Landing/Attack Craft Two LCACs or one LCU; and 14 Expeditionary Fighting Vehicles/Amphibious Assault Vehicles

 

Ships:

USS San Antonio (LPD-17), Norfolk, VA

USS New Orleans (LPD-18), San Diego, CA

USS Mesa Verde (LPD-19), Norfolk, VA

USS Green Bay (LPD-20), San Diego, CA

USS New York (LPD-21), Norfolk, VA

USS San Diego (LPD-22), San Diego, CA

USS Anchorage (LPD-23), San Diego, CA

USS Arlington (LPD-24), Norfolk, VA

USS Somerset (LPD-25), San Diego, CA

USS John P. Murtha (LPD-26), San Diego, CA

USS Portland (LPD-27), launched

LPD-28, procurement contract

 

Here’s a time lapse video of the amphibious warship USS Portland (LPD-27) being translated and launched at Ingalls Shipbuilding in Pascagoula. This ship first hit water on Saturday, February 13. Portland is the 11th San Antonio-class Landing Platform Dock to be built

 

Procurement Contract

Huntington Ingalls Industries (HII) announced today that its Ingalls Shipbuilding division has received a $200 million, cost-plus-fixed-fee advance procurement contract from the U.S. Navy for LPD-28, the 12th amphibious transport dock of the USS San Antonio (LPD-17) class. The funds will be used to purchase long-lead-time material and major equipment, including main engines, diesel generators, deck equipment, shafting, propellers, valves and other long-lead systems.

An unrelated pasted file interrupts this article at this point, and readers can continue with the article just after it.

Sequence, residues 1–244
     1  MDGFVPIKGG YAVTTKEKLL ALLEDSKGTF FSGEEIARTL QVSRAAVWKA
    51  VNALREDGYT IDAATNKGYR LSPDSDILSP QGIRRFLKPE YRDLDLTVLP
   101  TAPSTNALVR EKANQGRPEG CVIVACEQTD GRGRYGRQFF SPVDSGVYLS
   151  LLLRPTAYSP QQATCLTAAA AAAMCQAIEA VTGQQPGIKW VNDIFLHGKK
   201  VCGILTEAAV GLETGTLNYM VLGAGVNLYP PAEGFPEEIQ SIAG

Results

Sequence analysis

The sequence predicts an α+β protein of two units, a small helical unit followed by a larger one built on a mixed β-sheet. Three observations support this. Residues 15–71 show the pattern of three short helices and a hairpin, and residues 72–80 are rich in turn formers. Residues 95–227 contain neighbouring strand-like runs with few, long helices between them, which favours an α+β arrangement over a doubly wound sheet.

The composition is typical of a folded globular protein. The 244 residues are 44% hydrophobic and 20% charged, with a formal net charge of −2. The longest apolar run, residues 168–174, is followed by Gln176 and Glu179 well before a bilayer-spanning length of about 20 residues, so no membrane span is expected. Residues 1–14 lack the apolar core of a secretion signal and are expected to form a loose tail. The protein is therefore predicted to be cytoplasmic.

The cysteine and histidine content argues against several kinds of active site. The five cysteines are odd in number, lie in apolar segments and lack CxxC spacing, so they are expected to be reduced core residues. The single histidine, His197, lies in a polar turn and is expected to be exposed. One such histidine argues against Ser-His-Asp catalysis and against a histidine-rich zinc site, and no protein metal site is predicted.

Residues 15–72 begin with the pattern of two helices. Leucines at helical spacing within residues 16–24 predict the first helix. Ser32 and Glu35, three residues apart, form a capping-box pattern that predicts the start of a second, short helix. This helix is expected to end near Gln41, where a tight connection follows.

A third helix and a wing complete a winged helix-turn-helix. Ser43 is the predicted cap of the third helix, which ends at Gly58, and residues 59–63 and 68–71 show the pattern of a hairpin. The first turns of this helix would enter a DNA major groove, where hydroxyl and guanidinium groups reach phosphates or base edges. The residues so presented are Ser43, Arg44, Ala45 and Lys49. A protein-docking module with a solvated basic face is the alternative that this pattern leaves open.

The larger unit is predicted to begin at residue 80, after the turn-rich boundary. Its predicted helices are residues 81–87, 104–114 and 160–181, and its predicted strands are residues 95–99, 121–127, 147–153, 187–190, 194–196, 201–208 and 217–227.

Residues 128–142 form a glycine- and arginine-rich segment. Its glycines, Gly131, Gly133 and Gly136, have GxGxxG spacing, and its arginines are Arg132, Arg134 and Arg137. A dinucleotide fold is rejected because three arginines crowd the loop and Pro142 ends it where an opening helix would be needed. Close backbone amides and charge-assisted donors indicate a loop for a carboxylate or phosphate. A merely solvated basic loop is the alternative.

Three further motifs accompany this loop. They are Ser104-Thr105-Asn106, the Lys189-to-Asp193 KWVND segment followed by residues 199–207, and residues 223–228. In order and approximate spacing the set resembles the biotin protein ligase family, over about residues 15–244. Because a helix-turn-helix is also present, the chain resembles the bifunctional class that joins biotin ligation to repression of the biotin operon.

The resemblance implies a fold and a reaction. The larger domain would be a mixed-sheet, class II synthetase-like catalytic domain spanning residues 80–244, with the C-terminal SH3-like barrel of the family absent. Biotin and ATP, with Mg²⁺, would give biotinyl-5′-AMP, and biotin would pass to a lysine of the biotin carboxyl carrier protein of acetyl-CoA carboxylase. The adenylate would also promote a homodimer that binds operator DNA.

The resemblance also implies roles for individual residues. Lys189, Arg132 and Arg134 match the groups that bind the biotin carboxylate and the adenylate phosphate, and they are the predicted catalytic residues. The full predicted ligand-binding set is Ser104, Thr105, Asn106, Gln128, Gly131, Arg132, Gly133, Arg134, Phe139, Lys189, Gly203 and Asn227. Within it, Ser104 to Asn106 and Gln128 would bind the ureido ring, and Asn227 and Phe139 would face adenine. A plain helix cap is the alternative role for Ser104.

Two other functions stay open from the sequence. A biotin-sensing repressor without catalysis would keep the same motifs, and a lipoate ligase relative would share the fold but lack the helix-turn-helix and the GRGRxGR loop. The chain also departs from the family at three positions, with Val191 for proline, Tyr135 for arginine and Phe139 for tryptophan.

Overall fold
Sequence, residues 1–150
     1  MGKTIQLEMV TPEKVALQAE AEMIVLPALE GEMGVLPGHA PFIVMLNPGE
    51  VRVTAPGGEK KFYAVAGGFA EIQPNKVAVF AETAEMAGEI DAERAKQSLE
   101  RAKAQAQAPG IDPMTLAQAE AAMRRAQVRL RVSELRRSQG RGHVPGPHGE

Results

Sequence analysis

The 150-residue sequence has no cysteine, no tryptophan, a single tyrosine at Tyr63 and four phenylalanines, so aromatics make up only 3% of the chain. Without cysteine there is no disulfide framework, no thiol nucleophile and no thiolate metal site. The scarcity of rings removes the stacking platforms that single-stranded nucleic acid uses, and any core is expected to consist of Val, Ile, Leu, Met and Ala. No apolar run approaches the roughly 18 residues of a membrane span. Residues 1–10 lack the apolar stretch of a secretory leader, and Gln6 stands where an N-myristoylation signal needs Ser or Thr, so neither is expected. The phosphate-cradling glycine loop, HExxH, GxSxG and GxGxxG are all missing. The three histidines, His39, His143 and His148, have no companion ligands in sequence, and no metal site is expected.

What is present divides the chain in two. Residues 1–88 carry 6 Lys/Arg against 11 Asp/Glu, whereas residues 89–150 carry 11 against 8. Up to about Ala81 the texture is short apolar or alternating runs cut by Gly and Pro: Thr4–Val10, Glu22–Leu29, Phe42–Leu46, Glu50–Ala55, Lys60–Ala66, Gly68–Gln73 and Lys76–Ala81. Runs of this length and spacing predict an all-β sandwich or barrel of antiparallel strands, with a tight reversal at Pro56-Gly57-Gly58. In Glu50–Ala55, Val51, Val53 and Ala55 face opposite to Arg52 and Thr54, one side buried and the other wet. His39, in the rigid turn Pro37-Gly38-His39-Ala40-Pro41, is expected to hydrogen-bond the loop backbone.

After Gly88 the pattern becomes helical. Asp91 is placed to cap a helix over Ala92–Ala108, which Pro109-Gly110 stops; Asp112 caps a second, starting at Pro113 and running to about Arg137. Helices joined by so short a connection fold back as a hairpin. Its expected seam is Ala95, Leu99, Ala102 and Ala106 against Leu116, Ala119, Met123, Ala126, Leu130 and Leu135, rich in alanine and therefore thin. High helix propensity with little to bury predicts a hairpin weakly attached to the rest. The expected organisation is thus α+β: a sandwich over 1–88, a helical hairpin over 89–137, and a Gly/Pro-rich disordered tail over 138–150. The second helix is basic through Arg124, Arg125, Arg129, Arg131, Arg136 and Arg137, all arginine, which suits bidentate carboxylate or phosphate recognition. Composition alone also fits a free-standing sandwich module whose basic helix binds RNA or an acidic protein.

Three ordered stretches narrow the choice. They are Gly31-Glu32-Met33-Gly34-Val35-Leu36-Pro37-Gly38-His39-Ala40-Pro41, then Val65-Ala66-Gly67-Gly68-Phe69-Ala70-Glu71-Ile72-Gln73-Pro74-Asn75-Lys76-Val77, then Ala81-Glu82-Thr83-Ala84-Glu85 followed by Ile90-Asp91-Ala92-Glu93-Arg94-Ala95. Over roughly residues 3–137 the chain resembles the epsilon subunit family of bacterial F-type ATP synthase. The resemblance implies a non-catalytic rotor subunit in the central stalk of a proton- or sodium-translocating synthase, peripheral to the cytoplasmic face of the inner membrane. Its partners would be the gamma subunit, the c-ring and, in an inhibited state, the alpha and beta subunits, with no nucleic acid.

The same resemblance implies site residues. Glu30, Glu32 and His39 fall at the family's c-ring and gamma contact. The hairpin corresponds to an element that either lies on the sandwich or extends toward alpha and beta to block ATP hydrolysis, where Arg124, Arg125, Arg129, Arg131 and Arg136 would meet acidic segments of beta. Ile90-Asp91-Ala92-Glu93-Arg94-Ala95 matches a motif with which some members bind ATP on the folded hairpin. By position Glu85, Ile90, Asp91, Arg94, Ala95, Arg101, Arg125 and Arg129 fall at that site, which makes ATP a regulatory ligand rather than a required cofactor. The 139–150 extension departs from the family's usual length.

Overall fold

The Ingalls-built amphibious transport dock USS Somerset (LPD-25) sails through the Gulf of Mexico during builder's sea trials (Photo by Steve Blount)
The Ingalls-built amphibious transport dock USS Somerset (LPD-25) sails through the Gulf of Mexico during builder’s sea trials (Photo by Steve Blount)